The Argument of Contingency

The is a very straightforward logical premise. 

  1. If something exists, there must exist what it takes for that thing to exist.

  2. The universe—the collection of beings in space and time—exists.

  3. Therefore, there must exist what it takes for the universe to exist.

  4. What it takes for the universe to exist cannot exist within the universe or be bounded by space and time.

  5. Therefore, what it takes for the universe to exist must transcend both space and time.

Something is “necessary” if it could not possibly have failed to exist. The laws of mathematics are often thought to be necessary. It is plausible to say that mathematical truths such as two and two making four hold irrespective of the way that the world is. Even if the world were radically different, it seems, two and two would still make four. God, too, is often thought to be a necessary being, i.e. a being that logically could not have failed to exist.

Something is “contingent” if it is not necessary, i.e. if it could have failed to exist. Most things seem to exist contingently. All of the human artefacts around us might not have existed; for each one of them, whoever made it might have decided not to do so. Their existence, therefore, is contingent. You and I, too, might not have existed; our respective parents might never have met, or might have decided not to have children, or might have decided to have children at a different time. Our existence, therefore, is contingent. Even the world around us seems to be contingent; the universe might have developed in such a way that none of the observable stars and planets existed at all.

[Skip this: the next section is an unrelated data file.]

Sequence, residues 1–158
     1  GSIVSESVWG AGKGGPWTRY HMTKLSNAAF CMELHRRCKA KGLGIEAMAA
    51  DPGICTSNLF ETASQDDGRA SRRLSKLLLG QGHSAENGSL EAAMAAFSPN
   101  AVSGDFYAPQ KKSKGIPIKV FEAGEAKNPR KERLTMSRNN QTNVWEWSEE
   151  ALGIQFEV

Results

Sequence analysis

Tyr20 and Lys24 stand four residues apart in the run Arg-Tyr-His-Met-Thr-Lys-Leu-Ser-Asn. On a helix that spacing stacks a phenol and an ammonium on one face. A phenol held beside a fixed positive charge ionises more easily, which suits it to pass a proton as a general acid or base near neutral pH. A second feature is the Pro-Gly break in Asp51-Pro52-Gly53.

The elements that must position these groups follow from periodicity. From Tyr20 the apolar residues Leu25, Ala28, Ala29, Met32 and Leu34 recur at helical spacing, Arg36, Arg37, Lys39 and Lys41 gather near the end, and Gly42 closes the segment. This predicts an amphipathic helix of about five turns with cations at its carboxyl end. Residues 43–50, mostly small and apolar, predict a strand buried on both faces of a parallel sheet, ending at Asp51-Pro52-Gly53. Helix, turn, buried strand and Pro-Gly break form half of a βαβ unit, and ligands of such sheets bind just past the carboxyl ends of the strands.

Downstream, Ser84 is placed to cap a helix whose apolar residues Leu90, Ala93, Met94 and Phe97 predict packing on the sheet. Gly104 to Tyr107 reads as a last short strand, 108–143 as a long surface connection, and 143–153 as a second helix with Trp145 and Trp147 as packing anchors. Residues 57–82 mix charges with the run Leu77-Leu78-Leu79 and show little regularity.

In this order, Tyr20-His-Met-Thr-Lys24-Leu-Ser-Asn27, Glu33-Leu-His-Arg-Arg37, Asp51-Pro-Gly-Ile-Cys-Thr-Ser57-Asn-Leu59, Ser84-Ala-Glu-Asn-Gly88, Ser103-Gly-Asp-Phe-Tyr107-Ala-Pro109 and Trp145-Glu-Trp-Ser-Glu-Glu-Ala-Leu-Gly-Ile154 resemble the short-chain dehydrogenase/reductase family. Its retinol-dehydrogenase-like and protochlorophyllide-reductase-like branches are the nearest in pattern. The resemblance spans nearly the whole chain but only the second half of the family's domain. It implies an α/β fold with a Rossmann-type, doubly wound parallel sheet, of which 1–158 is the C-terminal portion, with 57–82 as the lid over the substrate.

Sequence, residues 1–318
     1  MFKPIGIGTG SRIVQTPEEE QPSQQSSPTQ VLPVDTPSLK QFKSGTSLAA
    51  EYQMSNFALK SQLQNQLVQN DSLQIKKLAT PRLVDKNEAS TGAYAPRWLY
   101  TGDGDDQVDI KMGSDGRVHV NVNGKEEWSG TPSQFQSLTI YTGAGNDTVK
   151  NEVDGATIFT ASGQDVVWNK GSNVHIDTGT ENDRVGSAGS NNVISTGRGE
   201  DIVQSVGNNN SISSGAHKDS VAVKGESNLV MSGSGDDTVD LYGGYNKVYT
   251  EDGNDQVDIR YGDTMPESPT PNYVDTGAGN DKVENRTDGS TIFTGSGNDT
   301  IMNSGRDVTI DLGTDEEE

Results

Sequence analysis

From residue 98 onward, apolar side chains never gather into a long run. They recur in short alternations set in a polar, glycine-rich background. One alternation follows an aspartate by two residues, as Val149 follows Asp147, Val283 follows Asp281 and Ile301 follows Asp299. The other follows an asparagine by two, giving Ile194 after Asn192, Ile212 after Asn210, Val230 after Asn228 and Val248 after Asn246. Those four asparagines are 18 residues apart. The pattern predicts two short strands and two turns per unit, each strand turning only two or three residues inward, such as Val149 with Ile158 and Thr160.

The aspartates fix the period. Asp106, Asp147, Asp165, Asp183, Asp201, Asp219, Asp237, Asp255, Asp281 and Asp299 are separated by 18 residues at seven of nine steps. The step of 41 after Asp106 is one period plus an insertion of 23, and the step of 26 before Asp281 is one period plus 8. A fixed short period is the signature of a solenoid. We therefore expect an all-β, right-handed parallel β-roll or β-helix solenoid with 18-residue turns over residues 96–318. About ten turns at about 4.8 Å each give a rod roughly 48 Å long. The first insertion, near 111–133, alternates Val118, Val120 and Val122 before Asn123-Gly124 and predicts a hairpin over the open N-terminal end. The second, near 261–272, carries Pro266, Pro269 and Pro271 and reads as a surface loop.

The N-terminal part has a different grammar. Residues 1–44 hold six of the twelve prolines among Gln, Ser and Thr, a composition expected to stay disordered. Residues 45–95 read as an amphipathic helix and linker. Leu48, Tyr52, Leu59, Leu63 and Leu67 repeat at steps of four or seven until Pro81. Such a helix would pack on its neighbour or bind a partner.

Dr William Lane Craig puts it like this: 
"What would be something that exists by a necessity of its own nature? Well, many mathematicians think that numbers exist in this way. Things like 0, 1, 2, 3, and all of the rest of the natural numbers. By numbers here I don’t mean these marks on the whiteboard, but I mean the numbers themselves. The quantities themselves – 1, 2, and 3. Or many mathematicians think that sets exist, like this set which has one member, namely the number 0: . They would say there are an infinite number of sets. Or mathematical functions like the F(a) is a function. Or geometrical shape like a square or a circle. They would say that these things are things that actually exist. Mathematicians often think that these things are real, and if they exist they don’t have any causes. They are not contingent; there is no cause of the number 3. There isn’t any cause of the set of all space-time points. These simply exist through a necessity of their own nature. Mathematical objects are necessary beings."

This cosmological argument for God can go even further when examined from the perspective of astrophysics. Recent discoveries by Guth-Vilanken, which I mentioned in other arguments, show us that the universe, is in fact, not eternal. Therefore, the contingent matter that began, in the Big Bang (if that's what you perceive to believe as a hypothesis), needs an explanation that is necessary. 

The universe's matter and energy cannot be the necessary component. If all of this matter and energy is necessary and thus eternal, we are implicitly assuming that the laws of Conservation of Energy and Conservation of Mass held both at the time of the Big Bang and before. in order for matter to be eternal, all of the underlying particles would not be able to stop existing. But quantum mechanics suggests that this is not so. In fact, it is even the case that, under quantum mechanics, the law of Conservation of Energy is violated. It seems utterly ridiculous to think that matter and energy in a constant state of fluctuation, even popping in and out of existence, are necessary and eternal.

Now, as a theoritical thinker, I can portray a universe that has sub-necessary objects (matter and energy for life) but these subsets are both necessary and contigent, still requiring an absolute necessary being, namely God.